There is a basic trajectory for a science PhD student, and it goes something like this. Enthusiasm and delight mingled with a frisson of fear, a gradual onset of hard reality and stress, perhaps a dash of boredom and possibly even some despair and disillusionment. This is followed by a long period of determination and hard work, which ends in joy and relief. This is the crucible in which Continue reading
For mathematician Jennifer Siggers, imagination is vital to both her work and faith. In today’s podcast Jennifer explains why she expects to find a solution to the biological problems that she is studying, and why a Christian should be enthusiastic about doing science.
To find out more about Jennifer’s work and faith, and the importance of imagination, beauty and awe in both science and Christianity, see God in the Lab: How Science Enhances Faith (Monarch, 2015).
Following on from this week’s interview with Jennifer Siggers, here are some videos that I filmed when I visited her last summer. In the four clips below, Jennifer explains her work, her faith, how the two fit together, and her views on imagination in both science and Christianity.
I have blogged a number of times on imagination, but what do working scientists think about this subject? Dr Jennifer Siggers is a Senior Lecturer in the Department of Bioengineering at Imperial College London, where she works on medical applications of fluid dynamics. Having met her at a Christians in Science conference a couple of years before, I wanted to find out how imagination is relevant to her own life in the lab.
Imagination is highly valued in Western culture but not always recognised as an essential part of science. So Jennifer initially protested that she wasn’t sure she had anything to say about imagination, but eventually was able to speak with me at some length about how important it is in her work. Mental pictures, analogies and thought experiments are all important for a scientist. For a Christian, learning to use imagination can also enhance Continue reading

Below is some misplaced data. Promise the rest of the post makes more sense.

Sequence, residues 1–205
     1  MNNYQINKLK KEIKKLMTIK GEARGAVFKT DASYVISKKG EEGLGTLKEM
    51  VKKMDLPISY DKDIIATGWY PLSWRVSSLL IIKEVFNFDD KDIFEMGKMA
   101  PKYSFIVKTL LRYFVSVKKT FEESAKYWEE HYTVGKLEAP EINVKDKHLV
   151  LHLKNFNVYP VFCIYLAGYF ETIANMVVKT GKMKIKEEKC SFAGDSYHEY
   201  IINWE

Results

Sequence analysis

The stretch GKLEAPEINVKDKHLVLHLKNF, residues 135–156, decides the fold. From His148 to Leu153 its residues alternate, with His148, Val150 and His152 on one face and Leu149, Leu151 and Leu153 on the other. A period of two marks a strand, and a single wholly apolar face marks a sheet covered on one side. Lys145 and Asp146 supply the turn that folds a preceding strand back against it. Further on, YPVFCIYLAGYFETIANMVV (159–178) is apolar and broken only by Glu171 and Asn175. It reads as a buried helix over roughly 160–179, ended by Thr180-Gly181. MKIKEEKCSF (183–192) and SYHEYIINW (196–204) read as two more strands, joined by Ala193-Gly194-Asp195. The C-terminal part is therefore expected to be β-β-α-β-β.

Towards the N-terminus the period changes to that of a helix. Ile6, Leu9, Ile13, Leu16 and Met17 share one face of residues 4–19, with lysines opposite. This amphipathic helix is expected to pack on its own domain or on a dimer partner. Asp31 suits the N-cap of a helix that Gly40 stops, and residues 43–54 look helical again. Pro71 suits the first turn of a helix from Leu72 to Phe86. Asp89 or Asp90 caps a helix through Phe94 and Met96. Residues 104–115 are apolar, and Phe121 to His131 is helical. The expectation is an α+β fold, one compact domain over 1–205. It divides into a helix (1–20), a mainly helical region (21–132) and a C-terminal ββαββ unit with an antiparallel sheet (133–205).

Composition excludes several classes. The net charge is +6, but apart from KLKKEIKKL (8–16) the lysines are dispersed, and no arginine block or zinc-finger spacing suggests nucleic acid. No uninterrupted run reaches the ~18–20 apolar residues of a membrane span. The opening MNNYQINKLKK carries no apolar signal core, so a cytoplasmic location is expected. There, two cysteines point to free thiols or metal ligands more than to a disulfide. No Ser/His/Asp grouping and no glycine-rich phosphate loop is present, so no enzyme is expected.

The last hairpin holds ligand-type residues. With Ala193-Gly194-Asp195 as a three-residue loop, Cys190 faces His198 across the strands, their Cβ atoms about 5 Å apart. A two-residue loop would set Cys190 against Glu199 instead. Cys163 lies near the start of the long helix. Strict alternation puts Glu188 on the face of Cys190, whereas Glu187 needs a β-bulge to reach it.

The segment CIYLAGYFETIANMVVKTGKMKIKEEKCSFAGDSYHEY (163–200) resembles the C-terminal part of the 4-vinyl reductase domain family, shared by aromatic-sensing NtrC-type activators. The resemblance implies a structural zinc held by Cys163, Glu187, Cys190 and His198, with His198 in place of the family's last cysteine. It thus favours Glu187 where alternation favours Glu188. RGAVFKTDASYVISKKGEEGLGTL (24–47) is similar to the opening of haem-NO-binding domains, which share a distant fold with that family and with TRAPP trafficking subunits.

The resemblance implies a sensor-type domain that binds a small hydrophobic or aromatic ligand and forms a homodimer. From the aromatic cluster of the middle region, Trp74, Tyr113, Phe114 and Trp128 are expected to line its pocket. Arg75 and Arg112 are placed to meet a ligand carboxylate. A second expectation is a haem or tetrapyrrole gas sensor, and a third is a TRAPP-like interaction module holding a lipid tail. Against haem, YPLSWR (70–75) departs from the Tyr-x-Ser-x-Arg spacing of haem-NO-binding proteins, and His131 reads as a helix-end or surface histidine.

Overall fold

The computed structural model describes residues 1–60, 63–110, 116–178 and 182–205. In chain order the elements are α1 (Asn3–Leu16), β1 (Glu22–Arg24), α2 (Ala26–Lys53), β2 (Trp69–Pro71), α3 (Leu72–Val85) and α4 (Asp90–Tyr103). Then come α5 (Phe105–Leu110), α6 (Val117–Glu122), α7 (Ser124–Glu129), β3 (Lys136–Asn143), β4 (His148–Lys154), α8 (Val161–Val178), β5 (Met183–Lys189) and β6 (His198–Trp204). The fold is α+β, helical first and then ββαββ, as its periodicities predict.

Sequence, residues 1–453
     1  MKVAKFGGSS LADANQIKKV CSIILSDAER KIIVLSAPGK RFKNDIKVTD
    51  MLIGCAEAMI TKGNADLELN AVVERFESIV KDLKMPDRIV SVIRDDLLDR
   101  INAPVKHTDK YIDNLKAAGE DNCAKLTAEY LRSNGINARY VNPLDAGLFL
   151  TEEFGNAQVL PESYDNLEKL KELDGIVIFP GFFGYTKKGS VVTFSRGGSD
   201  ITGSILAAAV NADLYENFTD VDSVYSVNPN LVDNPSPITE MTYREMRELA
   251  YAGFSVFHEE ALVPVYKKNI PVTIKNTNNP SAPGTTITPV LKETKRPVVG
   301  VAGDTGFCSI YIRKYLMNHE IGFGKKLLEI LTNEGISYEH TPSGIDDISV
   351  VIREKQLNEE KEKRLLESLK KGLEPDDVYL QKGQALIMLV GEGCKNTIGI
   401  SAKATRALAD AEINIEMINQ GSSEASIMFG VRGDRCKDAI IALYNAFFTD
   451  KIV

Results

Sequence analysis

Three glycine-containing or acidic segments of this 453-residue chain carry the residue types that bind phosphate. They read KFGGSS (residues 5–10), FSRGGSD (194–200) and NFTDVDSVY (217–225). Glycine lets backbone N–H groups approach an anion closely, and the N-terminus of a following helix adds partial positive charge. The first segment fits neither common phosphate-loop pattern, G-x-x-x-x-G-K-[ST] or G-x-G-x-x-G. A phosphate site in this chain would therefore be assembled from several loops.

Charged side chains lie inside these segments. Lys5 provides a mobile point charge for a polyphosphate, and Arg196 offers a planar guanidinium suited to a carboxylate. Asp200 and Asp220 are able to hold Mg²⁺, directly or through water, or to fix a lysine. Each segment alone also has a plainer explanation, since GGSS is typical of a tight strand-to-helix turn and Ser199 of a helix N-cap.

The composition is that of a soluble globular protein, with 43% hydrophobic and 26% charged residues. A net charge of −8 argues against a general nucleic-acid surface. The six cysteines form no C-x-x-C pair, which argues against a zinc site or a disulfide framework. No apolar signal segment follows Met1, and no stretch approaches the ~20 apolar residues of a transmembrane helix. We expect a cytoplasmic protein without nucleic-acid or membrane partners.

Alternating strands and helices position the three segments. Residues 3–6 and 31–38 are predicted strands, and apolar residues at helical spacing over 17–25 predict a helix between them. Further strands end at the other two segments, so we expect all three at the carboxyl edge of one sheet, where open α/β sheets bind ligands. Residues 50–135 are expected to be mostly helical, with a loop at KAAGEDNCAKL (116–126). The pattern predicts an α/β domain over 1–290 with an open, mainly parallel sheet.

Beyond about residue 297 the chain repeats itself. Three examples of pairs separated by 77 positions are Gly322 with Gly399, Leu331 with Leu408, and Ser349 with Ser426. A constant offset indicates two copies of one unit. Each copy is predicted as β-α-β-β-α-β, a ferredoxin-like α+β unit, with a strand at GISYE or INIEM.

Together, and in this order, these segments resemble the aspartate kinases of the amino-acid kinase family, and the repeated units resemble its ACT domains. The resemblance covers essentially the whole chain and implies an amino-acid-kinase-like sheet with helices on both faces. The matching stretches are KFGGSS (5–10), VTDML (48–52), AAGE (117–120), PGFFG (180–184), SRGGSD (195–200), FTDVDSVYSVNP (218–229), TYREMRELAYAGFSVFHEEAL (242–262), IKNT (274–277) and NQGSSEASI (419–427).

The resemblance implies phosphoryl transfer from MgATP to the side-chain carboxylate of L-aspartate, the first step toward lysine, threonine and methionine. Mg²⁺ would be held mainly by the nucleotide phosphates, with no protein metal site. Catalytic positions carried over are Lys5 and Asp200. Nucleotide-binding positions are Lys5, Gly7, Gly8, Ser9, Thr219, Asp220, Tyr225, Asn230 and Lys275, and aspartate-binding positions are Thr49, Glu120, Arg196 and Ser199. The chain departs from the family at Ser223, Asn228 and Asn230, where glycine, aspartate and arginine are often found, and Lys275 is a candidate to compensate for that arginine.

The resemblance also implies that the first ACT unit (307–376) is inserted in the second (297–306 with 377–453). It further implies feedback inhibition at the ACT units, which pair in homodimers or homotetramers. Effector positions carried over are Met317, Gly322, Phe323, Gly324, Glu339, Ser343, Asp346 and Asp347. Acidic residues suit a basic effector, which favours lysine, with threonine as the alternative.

How can a scientist who is also a person of faith communicate their experiences of working in a lab? In this video five scientists express how science has helped their faith to grow.
What is it like to be a person of faith and a scientist? In a video interview the theologian and former biophysicist Alister McGrath commented that we need Christian scientists who are “prepared to enter into the public arena in debate, in comment, and in the writing of books showing how faith enriches their science.”
This blog has been one such attempt to show the positive effect of science on faith, and judging by the comments over the years, it has encouraged a number of people in that direction. On the 15th of this month, Monarch will publish my book God in the Lab: How Science Enhances Faith, which Continue reading
My latest academic explorations have been into the use of imagination in both science and Christianity. As always, I didn’t really know what to expect when I started my search, but I have found a rich seam of thinking on imagination in both the philosophy of science and theology. Imagination isn’t a word that’s often used by working scientists. Most of the scholars I’ve met on my travels through the libraries of Cambridge have been philosophers, with the occasional retired scientist who is confident enough in their scientific achievements to write on more esoteric subjects. It didn’t take long, however, for me to realise that imagination is absolutely vital to the practice of science. (More on theology later.)
What I’m talking about here is not fantasy, which has no place in the laboratory, but imagining. For example, thought experiments have often been used in science. The Faraday seminar series is not linked in any way to my project, but by wonderful serendipity the Danish theologian Niels Henrik Gregersen was invited to speak here last month on The Role of Thought Experiments in Science, and Religion. He made the argument that thought experiments are used in similar ways in science and Christianity. Continue reading